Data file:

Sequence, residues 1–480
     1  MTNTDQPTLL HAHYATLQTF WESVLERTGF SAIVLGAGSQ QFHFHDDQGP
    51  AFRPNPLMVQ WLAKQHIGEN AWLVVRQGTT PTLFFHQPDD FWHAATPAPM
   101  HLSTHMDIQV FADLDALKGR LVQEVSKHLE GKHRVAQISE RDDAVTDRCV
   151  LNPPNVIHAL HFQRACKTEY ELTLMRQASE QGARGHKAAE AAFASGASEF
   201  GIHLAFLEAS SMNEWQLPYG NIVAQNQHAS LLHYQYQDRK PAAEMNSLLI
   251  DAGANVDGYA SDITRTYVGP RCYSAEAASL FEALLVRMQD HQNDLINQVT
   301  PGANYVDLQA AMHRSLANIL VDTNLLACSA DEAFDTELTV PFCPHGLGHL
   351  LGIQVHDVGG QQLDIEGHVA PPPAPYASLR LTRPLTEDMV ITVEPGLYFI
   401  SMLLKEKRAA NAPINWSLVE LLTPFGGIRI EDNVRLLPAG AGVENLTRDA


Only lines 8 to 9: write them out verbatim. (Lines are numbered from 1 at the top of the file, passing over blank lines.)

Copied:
   301  PGANYVDLQA AMHRSLANIL VDTNLLACSA DEAFDTELTV PFCPHGLGHL
   351  LGIQVHDVGG QQLDIEGHVA PPPAPYASLR LTRPLTEDMV ITVEPGLYFI